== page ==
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‘Baked In’ Voter Perceptions – “The Victory Lab: The Secret Science of Winning Campaigns”, Sasha Issenberg

December 3rd, 2012 · No Comments · Economics, Electoralism, Policy, Political Communication, Politics, Power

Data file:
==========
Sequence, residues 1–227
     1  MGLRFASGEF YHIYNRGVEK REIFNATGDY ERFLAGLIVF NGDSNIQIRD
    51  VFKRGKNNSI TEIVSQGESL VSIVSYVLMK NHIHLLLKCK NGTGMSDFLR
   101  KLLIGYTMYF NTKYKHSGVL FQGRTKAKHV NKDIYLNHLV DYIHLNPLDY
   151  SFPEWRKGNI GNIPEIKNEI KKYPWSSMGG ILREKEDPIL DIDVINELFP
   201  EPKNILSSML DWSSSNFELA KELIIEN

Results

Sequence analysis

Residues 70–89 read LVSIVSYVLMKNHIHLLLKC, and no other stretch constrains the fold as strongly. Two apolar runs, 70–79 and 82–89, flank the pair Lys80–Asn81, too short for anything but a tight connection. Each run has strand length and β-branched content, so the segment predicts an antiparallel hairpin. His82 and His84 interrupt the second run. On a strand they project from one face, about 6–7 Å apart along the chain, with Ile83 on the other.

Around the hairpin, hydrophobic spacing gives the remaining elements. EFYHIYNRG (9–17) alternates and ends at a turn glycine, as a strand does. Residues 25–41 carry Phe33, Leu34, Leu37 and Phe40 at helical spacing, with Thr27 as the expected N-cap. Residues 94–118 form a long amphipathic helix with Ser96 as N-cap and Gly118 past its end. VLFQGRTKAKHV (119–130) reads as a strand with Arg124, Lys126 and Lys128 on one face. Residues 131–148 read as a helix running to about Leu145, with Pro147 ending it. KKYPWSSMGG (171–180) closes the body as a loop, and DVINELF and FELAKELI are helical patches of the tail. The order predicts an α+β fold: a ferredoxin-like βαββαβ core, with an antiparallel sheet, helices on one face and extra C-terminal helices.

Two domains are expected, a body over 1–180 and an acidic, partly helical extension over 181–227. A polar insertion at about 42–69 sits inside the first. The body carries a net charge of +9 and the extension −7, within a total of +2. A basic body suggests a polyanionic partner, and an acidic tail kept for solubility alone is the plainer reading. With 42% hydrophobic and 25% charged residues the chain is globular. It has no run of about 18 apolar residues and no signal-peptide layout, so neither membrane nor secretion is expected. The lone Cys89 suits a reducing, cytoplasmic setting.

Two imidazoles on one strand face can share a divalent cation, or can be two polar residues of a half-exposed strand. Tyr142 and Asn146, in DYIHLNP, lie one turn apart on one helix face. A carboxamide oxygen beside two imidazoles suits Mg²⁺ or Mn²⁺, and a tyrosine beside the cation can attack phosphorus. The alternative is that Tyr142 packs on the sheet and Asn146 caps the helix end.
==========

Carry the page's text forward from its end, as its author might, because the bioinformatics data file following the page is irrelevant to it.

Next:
When a pollster asked if someone would be more or less likely to vote for a candidate in favor of shipping jobs overseas—a typical way of auditioning what was then a promising line of attack against Bush—they would often hear from voters across the board that it made them “less likely.” But when the AFL sent out a draft leaflet about Bush’s free-trade policies, it turned out to have little impact on the autoworkers who received it. The knowledge of factory job loss was “baked in” to their impressions of Bush, as Podhorzer liked to put it: the workers already knew what the union wanted them to think about Republican trade policy. They liked or disliked Bush regardless. But other groups, like construction workers and Republicans, did not know as much. A piece of mail that gave them information turned out to be persuasive in changing their attitudes toward Bush.

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